If you are the parent of a child with complex ADHD, you can also benefit from training and therapy that teaches you how to interact more effectively with your child. Additionally, you can ask their school to help with behavioral adjustments to help your child succeed.

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Is ADHD a disability?ADHD Accommodations and Benefits

medical treatement

  • Stimulants: these drugs, including Ritalin (methylphenidate) and Adlar (amphetamine and dextroamphetamine), can rapidly reduce ADHD symptoms in up to 80% of children with ADHD.
  • Non-stimulants: these drugs, including Stratella (atomoxetine), works slower, but the effect may last longer.

In some cases, your healthcare provider may recommend a combination of stimulant and non-stimulant treatments.

behavioral intervention

People with ADHD, especially children, can benefit from behavioral interventions that help them succeed in school and other settings. These can include:

  • Behavioral therapy: Aims to increase positive behaviors and reduce negative or risky behaviors.
  • Social skills training: Therapy to help people better understand and obey social cues.
  • Organizational skills training: Helping people develop ways to combat forgetfulness and confusion.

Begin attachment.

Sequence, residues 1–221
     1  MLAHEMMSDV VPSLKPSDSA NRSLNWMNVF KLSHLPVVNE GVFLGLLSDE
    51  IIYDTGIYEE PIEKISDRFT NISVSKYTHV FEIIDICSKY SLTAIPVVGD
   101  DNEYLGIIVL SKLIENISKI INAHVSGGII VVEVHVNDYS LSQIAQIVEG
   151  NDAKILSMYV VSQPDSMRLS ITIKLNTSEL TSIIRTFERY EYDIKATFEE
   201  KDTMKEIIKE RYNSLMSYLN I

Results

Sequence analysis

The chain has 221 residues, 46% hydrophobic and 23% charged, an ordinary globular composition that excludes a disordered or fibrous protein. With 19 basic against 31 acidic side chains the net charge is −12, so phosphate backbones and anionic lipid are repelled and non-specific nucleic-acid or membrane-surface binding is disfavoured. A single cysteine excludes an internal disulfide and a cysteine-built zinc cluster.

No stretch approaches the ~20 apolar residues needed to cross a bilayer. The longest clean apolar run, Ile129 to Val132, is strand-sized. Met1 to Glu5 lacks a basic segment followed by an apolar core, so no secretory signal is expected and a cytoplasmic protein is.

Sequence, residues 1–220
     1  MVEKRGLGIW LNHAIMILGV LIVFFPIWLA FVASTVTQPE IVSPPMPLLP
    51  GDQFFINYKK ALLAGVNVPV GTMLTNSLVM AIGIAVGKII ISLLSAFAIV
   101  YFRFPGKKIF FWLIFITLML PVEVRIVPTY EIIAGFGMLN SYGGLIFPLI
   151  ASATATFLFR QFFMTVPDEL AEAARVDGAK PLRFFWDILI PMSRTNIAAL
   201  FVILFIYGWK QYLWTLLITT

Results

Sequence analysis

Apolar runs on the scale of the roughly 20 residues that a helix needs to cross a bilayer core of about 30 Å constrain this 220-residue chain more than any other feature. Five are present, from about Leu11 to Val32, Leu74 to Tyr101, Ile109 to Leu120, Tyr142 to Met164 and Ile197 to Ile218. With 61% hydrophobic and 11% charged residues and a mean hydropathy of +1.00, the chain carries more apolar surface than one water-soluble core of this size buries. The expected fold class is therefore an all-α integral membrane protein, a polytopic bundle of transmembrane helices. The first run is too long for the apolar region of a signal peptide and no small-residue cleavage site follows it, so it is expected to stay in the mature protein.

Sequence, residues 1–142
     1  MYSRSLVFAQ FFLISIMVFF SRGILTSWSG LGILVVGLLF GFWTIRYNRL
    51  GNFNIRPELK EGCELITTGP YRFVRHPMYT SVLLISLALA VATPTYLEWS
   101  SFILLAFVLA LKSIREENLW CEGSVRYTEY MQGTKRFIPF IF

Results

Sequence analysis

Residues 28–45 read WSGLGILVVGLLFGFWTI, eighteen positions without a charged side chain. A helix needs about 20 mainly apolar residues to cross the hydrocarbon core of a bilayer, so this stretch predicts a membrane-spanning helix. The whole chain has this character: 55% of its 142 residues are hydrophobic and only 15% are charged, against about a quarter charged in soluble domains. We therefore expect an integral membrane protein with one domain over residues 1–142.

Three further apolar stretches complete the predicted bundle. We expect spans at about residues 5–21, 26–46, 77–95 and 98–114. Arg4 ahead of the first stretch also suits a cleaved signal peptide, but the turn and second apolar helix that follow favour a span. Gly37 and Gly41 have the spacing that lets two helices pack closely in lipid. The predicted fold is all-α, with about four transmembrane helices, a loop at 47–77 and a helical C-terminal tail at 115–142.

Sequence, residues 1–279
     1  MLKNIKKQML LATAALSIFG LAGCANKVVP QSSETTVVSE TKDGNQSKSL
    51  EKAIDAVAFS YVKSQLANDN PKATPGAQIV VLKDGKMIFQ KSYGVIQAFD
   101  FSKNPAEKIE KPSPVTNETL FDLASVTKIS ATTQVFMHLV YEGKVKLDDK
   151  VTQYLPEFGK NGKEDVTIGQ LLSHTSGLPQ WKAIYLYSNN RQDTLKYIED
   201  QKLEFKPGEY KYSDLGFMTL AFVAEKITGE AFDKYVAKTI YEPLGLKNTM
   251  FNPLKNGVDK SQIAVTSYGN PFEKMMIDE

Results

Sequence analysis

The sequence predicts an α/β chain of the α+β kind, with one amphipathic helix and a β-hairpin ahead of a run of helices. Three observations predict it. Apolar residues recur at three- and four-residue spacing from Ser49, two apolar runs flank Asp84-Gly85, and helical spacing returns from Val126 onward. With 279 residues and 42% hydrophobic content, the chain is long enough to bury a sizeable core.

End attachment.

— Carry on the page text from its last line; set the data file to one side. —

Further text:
Types of mental health treatment


Combined ADHD is one of three ADHD presentations listed in DSM-5. To be diagnosed with combined ADHD, a person needs to exhibit symptoms of both hyperactivity/impulsivity and inattention.

Although people with ADHD combined have both symptoms, their ADHD is not necessarily more severe than those with a single manifestation. Medications and behavioral interventions can help people with complex ADHD succeed in school, work, and social settings.

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VigorTip words

Getting a diagnosis of combined ADHD can be a relief, or it can seem overwhelming. Remember, there are treatments—including medical and behavioral therapy—that can support people with ADHD to reach their full potential. The key is finding a treatment option that is right for you or your child.

Combination ADHD seems to be more complex than just one presentation. However, this does not necessarily mean that the symptoms are more damaging than those with only one manifestation. Talk to your healthcare provider to better understand what your diagnosis of combined ADHD means and how best to manage it.

Frequently Asked Questions

  • What Causes Combined ADHD?

    Researchers aren’t sure what causes ADHD, although both genetic and environmental factors are thought to play a role. There’s also no way to prevent combined ADHD, so once diagnosed, it’s best to focus on managing your symptoms and finding a treatment plan that’s right for you.

  • Can You Get Rid of Combined ADHD?

    Treatment can help people with ADHD complex manage their symptoms effectively. Unfortunately, ADHD has no cure. About one-third of people diagnosed with ADHD in childhood will surpass their symptoms in adulthood. For others, the presentation of symptoms may change as they grow.

  • How common is combined ADHD?

    Combined ADHD is the most common subtype. Overall, ADHD affects about 11 percent of school-age children and 4 percent of adults. A small study of adults with ADHD found that 70 percent had combined ADHD.